‘Neighborhood Nipsey’ Hussle dropped into our neighborhood for the Houston show of his Victory Lap Tour at the House of Blues.

Nipsey Hussle
Photo: David Wright

Houston turned out in full force for Nipsey Hussle’s Wednesday night show at the House of Blues, hosted by Premier Live Experience, an independent live entertainment company based out of the DFW. In true music journalist fashion, I completely ignored the 7 p.m. time doors opened (because yeah right…) and showed up at 9 p.m. when, of course, the show still hadn’t started. A DJ was spinning everyone’s favorite songs in your usual rap show fashion while people finessed their way to the front of the standing room only show that was packed from front to back.

Out of seemingly nowhere, Hussle hopped on the stage and started going in – no opener, just him, appropriately starting off with “Victory Lap,” the title song from his latest release, his first studio album ever. I know, I know…it seems like there should have been more albums, but that’s why this one is so important – it’s literally a victory lap around all the haters that said he wouldn’t make it, around all the b.s. he’s had to put up with in the industry, and around his personal angels and demons that he’s had to overcome. His first commercial release after a string of mixtapes over the last 13 years, there is no way a rap fan cannot support Nipsey Hussle. It’s arguable that he’s the Cardi B of his style – you just want him to win so badly. The reason for this is because, as his followers have seen, and as he was quick to remind us early in the show, he really isn’t like all these other “Rap N*ggas.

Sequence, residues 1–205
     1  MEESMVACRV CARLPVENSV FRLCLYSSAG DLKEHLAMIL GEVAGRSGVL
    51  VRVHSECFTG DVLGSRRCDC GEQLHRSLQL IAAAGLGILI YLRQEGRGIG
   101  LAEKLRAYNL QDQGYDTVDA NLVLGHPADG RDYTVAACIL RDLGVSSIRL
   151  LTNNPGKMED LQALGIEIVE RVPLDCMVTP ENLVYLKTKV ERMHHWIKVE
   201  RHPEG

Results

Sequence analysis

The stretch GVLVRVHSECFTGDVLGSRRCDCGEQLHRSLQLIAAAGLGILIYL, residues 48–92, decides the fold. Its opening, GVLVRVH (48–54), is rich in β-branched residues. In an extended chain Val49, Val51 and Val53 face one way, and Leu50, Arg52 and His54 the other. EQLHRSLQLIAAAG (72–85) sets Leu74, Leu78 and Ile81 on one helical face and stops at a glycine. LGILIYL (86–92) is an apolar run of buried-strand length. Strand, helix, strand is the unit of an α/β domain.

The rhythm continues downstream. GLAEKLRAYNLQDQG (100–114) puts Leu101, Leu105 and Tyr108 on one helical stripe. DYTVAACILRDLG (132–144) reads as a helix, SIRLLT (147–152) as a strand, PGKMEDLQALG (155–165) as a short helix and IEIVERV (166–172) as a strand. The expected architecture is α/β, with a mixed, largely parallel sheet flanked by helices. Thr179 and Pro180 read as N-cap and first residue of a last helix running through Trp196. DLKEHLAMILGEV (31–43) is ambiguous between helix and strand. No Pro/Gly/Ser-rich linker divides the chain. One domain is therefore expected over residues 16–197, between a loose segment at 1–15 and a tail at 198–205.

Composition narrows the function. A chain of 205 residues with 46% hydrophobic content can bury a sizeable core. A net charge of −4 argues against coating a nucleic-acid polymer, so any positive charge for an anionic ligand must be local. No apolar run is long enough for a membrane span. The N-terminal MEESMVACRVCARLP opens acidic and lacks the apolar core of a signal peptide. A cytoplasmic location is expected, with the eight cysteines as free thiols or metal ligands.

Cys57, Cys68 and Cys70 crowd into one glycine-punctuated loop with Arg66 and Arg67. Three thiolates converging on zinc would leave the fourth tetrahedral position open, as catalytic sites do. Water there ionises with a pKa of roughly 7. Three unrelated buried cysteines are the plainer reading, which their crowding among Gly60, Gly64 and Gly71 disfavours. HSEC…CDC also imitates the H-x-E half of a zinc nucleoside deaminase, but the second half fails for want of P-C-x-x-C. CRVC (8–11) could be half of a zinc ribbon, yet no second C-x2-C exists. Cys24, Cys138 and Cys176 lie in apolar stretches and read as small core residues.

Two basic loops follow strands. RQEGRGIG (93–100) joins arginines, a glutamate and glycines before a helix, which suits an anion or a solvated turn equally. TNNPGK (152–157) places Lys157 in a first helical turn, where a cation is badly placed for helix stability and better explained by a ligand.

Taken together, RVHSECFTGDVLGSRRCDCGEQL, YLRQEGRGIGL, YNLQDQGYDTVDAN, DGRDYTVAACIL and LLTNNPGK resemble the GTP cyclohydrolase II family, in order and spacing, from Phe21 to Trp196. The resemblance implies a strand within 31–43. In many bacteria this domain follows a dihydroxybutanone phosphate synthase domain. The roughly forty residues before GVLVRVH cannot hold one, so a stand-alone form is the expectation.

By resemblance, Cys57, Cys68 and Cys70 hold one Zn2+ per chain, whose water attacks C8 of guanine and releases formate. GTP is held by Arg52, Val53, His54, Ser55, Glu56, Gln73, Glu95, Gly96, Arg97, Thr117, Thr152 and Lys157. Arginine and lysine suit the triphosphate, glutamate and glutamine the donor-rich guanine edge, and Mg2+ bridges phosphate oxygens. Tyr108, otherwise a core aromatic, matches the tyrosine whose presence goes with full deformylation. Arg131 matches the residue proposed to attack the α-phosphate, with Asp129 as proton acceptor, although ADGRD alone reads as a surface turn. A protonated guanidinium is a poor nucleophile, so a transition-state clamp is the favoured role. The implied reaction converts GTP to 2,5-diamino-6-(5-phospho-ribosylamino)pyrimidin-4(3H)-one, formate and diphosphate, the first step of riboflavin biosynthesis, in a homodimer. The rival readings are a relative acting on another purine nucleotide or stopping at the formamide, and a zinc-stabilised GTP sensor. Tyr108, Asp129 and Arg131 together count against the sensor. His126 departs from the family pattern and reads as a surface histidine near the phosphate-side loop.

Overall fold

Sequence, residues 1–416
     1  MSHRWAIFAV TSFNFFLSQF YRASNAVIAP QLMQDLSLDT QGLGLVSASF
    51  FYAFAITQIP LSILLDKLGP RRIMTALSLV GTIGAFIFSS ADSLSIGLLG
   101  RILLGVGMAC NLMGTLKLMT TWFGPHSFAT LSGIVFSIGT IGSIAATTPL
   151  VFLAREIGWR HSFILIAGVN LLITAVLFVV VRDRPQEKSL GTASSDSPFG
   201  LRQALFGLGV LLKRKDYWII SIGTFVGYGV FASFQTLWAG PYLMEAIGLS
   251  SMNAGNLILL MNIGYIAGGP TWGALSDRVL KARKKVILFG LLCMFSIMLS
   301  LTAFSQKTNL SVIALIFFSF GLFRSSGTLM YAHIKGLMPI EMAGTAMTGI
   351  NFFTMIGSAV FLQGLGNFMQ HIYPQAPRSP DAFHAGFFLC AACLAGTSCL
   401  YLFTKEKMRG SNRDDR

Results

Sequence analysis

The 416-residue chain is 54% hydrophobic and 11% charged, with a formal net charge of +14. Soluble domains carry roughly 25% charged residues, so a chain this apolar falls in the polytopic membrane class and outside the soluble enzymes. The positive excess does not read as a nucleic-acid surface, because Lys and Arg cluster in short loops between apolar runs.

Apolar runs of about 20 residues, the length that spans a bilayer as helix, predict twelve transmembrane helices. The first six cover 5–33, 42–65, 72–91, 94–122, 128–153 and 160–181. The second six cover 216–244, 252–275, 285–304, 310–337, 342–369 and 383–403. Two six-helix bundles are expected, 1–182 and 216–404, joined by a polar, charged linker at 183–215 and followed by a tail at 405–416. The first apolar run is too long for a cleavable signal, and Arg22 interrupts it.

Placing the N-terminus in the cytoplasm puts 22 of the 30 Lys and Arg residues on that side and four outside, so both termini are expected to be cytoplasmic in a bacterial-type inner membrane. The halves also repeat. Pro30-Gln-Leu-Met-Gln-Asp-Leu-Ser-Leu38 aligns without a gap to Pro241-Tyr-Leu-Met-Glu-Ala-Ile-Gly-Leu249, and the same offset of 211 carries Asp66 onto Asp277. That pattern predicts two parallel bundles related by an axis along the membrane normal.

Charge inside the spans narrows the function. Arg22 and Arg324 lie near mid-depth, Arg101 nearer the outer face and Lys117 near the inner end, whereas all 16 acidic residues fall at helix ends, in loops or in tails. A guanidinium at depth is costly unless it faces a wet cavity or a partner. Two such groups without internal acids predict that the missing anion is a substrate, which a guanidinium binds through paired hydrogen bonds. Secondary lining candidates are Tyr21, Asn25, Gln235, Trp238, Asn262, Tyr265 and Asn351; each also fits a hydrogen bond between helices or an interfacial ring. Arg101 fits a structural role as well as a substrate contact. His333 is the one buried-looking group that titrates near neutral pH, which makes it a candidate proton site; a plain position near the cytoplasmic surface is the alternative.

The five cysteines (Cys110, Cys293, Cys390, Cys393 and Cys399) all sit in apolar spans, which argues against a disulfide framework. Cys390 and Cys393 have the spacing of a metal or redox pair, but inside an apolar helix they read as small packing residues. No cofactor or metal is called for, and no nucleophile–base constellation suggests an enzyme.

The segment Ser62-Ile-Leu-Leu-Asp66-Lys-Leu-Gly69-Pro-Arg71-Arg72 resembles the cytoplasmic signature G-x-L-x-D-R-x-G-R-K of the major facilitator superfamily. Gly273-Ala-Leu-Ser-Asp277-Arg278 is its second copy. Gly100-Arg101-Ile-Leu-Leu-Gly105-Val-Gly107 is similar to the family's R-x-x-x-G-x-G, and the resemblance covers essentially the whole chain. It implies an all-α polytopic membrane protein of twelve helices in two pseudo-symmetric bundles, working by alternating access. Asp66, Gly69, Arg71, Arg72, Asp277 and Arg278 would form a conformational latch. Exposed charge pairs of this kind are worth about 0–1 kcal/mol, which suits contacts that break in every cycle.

Nipsey Hussle
Photo: David Wright

Nipsey performed all our favorite songs, even going back and darn near listening to us perform songs from Crenshaw for him while he watched us. The show was super light on guest appearances, as one’s first tour for their first album should be. However, this may have affected the show negatively, as it was clear after about an hour or so that the energy was crawling. Nipsey seemed to be running out of breath, and people were talking and leaving. It was a work night, so you have to count the fact that that many people even showed up as a testimony to Nip’s dopeness, but the energy coupled with the 2-hour wait time for the artist to show up on stage (enough time for people to get too high and so drunk they have to leave) was a lot to endure. After hearing my personal favorites from the album, “Hussle and Motivate” and “Status Symbol 3,” I, too, had to call it a night.

For a debut album tour, I will give it to Nipsey for packing out the House of Blues from front to back, including the mezzanine and VIP. That’s not a small venue, and it was hard to maneuver even my tiny frame around all the people rapping at the top of their lungs. The most intriguing part of the show was the live band. You haven’t lived until you’ve heard your favorite rappers backed by live musicians, and it’s usually a move they pull at the end of their careers to mix it up. Nipsey has certainly been in the game longer than some of your favorite rappers, and has earned OG status even before dropping an official album. He’s definitely earned the right to tour and create as he sees fit, and we’re all here for the rapper to play the game any way he wishes.

Nipsey Hussle
Photo: David Wright

Nipsey Hussle
Photo: David Wright

Nipsey Hussle Photo: David Wright

Nipsey Hussle
Photo: David Wright

Nipsey Hussle
Photo: David Wright